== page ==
Nearly 850 million people use Facebook each month and roughly 480 million people use it every day. With a user rate like that and an upcoming $75 to $100 billion initial public offering, one might think Facebook is not only a highly visible company, but also one of Corporate America's most reputable.
But that's not really the case, according to the findings discovered by Harris Interactive. The company recently conducted its 13th annual Reputation Quotient Study, which measures companies' reputation with consumers.
In performing the survey, Harris first asked 17,000 people to chose the companies that are most visible to them on a daily basis. The respondents were then asked to rate the top 60 most visible companies on wide rage of attributes, including emotional appeal, products and services, social responsibility, vision and leadership, workplace environment and financial performance.
Apple bumped Google for the number one spot as the most reputable company in America, followed by Coca-Cola, Amazon.com and Kraft Foods. (See: Apple Ranks #1 With Consumers as J&J Tumbles in Harris Poll: Big Banks Come in Last)
But Facebook did not even make its way onto the most visible list of companies for consumers to rank, which is surprising for a company that has a shocking number of users and plans to go public. So how can this be? Well, it turns out that the public fails to recognize the social networking website as an actual corporation. Most people see Facebook rather as a tool, service or a channel for communication, says Robert Fronk, executive vice president for Harris Interactive.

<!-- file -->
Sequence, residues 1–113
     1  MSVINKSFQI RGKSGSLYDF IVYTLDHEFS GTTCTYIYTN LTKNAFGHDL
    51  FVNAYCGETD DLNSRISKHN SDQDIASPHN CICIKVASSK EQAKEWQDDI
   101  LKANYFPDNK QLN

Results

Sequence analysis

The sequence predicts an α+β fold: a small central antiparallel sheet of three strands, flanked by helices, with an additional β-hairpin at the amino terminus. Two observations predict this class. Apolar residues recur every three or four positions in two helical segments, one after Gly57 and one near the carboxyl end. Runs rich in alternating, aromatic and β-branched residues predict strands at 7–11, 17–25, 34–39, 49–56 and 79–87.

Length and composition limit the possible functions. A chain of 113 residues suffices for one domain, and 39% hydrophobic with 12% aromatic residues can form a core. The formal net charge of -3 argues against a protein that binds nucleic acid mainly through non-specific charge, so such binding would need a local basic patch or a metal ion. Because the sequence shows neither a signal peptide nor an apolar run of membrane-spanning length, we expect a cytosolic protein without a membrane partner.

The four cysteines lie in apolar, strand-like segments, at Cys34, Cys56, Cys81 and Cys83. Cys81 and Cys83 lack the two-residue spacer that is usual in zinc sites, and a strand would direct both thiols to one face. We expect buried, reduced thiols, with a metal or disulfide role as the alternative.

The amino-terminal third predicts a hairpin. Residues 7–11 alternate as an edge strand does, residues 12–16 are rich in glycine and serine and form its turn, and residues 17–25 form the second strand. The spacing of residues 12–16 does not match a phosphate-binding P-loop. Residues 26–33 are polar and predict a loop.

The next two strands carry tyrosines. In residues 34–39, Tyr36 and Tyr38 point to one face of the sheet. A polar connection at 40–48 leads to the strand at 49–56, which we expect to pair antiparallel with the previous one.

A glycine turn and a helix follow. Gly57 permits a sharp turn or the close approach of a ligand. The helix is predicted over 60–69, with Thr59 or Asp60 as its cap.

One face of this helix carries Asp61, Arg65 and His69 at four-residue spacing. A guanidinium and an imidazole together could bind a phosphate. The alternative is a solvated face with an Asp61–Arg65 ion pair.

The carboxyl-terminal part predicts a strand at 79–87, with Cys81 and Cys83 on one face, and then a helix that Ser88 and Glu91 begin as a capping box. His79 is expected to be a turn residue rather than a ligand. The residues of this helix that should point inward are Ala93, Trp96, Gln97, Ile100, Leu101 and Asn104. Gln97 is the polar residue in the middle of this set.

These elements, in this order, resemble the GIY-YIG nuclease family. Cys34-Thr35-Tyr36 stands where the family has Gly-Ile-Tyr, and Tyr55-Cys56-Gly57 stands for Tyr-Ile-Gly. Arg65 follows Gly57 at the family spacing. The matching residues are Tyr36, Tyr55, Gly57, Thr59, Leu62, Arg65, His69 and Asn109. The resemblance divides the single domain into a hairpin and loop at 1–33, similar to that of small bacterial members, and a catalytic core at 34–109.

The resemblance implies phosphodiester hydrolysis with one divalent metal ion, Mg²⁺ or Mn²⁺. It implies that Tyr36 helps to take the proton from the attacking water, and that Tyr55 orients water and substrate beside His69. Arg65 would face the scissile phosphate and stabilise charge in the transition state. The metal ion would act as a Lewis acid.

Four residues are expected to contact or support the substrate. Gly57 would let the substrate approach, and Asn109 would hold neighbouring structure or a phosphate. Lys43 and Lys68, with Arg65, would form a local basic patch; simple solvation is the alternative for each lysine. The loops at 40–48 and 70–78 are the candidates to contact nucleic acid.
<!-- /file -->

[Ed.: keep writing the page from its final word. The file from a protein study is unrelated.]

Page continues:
While Facebook did not make the list this year, unlike last year, Harris still rated the company on its reputation. Facebook received a reputation rating bordering between fair and good, falling short of very good and excellent. The company's reputation waned in 2012 because 25% of the general public holds a negative perception of the company on a wide-rage of issues, including trust and respect. Those feelings are in line with the countless privacy concerns facing the company.
In terms of Facebook's shortcomings, here's what the study found:
People do not trust Facebook to do the right thing if faced with a problem.
People do not believe Facebook maintains high ethical standards.
People do not believe Facebook is sincere in its communications.
People do not believe Facebook is transparent in its communications.
Why does reputation matter anyway?
"One of the reasons companies want to build reputation is so that they can over time build equity so that when a crisis comes along, when they need to influence a particular stakeholder they have build up some of that equity," says Fronk. "And right now Facebook has an equity gap."
As mentioned, Facebook is set to go public in the coming months. But it turns out that only 7% of the general public would purchase shares in the company. Seventeen percent said they definitely would not. And 0% of the general public would recommend the stock to someone else.
"When you are going to be a public corporation there is a burden on you, there is an expectation for you to communicate a little bit more," says Fronk. "What the public is looking for are companies who communicate sincerely, with a certain amount of transparency and honesty and on those measures right now Facebook also has a serious gap."
Tell us what you think! Do you think Facebook has a good reputation? Would you buy stock in the company?